The Tuskegee Syphilis Study, in which federal officials denied proven treatment for syphilis to African-American men just to see how the disease progressed, came to a belated end in 1972, so Ezra Klein, the high-school intern ... err ... young columnist at The Washington Post can perhaps be forgiven for failing to recognize the officially sanctioned 40-year abomination as evidence that we do indeed have a "government capable of madness." But government officials have engaged in other horrors in recent memory, so his astonishment that many Americans distrust the state can only be taken as appalling naivete -- or incredible idiocy.
On August 11, Klein wrote:
What we're seeing here is not merely distrust in the House health-care reform bill. It's distrust in the political system. A healthy relationship does not require an explicit detailing of the "institutional checks" that will prevent one partner from beating or killing the other. In a healthy relationship, such madness is simply unthinkable. If it was not unthinkable, then no number of institutional checks could repair that relationship. Similarly, the relationship between the protesters and the government is not healthy. The protesters believe the government capable of madness. There is no evidence for that claim, which means that there is no answer for it, either. That claim is not about what is in this bill, or what government has done in Medicare and Medicaid and the VA. It is about what a certain slice of Americans think their government -- and by extension, their fellow citizens -- capable of.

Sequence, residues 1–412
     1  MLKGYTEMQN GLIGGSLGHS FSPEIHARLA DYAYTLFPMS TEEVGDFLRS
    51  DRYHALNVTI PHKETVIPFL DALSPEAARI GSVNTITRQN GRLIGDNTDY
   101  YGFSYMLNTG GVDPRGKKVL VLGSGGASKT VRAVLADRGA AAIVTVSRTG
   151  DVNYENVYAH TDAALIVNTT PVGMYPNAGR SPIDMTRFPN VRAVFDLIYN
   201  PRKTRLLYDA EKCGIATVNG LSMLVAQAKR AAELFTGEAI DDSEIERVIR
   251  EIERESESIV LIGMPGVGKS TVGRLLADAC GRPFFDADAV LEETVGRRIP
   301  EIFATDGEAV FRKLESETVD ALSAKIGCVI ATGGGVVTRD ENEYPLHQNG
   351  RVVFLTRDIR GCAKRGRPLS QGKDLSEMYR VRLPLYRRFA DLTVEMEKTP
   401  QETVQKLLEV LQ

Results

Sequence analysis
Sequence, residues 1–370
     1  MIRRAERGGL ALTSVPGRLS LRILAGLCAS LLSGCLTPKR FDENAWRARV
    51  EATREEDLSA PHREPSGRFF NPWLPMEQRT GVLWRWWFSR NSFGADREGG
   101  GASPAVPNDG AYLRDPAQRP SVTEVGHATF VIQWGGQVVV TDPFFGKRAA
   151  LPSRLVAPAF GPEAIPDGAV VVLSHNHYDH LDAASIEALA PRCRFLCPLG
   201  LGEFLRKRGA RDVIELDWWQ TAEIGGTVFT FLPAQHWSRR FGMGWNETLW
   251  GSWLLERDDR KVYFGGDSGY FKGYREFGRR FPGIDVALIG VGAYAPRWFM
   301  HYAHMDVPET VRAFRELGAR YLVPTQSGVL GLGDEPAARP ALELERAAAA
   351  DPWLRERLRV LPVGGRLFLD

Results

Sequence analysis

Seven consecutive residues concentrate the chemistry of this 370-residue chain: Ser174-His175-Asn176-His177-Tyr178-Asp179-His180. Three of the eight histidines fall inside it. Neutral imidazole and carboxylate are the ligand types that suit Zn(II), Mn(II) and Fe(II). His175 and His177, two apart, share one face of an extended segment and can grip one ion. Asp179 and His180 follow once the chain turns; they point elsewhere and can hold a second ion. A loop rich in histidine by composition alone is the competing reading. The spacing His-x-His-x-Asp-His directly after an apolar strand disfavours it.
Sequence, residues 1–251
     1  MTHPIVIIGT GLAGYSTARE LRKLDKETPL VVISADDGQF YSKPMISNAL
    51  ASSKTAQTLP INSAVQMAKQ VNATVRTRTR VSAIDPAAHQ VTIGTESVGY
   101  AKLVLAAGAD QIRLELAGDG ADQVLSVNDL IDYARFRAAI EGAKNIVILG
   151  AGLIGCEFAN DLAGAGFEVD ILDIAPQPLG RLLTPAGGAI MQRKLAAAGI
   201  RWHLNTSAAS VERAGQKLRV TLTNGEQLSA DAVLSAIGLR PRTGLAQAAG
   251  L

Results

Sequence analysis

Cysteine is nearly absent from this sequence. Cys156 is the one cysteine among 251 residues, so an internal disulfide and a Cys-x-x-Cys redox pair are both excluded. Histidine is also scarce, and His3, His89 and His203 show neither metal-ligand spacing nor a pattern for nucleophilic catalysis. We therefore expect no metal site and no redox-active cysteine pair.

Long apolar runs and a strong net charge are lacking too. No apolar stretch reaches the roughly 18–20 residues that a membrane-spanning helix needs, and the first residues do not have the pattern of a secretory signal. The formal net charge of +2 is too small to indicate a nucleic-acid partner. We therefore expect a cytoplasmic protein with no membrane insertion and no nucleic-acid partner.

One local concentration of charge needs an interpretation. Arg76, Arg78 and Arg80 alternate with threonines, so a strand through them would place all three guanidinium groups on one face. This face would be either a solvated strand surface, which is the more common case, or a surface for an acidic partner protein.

Leave aside, for the moment, the wisdom of the various health care proposals rattling around the chambers of Congress at the moment. Can anybody with even a passing knowledge of the past century's history say with a straight face that governments -- very much including the one under which we live -- are not capable of madness?
R.J. Rummel, Professor Emeritus of Political Science, University of Hawaii, has made a rather depressing name for himself by calculating the number of people murdered by governments during the course of the twentieth century. His latest estimate, revised upwards, stands at 262,000,000.
Yes, that mountain of bodies can mostly be blamed on the world's totalitarian governments, with bloody additions tossed in by merely authoritarian political systems. But democracies are capable of madness, too. The American Civil Liberties Union is currently digging through memos written by the late, unlamented Bush administration, which authorized the use of torture against detainees. The Obama administration is still resisting efforts to shine some light on just who is being held under brutal conditions at Bagram, in Afghanistan.
And then there's Tuskegee, which continued for decades under presidents and congresses from both major political parties.
Ezra Klein may ridicule public doubts about the wisdom of allowing the government further control over health care as the equivalent of demanding "what will prevent you from beating your wife?" of elected officials. But the truth of the matter is that government has been an abusive and untrustworthy partner for as long as it has existed. That doesn't mean that everything politicians touch ends in horror and bloodshed, but it's hardly an exercise in paranoia to voice the "distrust in the political system" that Klein finds so worrisome.
In fact, our political system was built on an (imperfect) system of checks and balances meant to minimize the toll it takes on life, liberty and property since the founders didn't trust what they were creating. So when Klein objects that "A healthy relationship does not require an explicit detailing of the 'institutional checks' that will prevent one partner from beating or killing the other," we have to wonder just how long he's been skipping Social Studies class to pen his oh-so-earnest columns.
In the end, maybe the Obama administration's proposals for a greater government role in health care will prove to be a good idea. I doubt it, but I've been wrong before. But in the course of the debate over those proposals, questions about the trustworthiness of the government -- and its potential for madness -- should take center stage.
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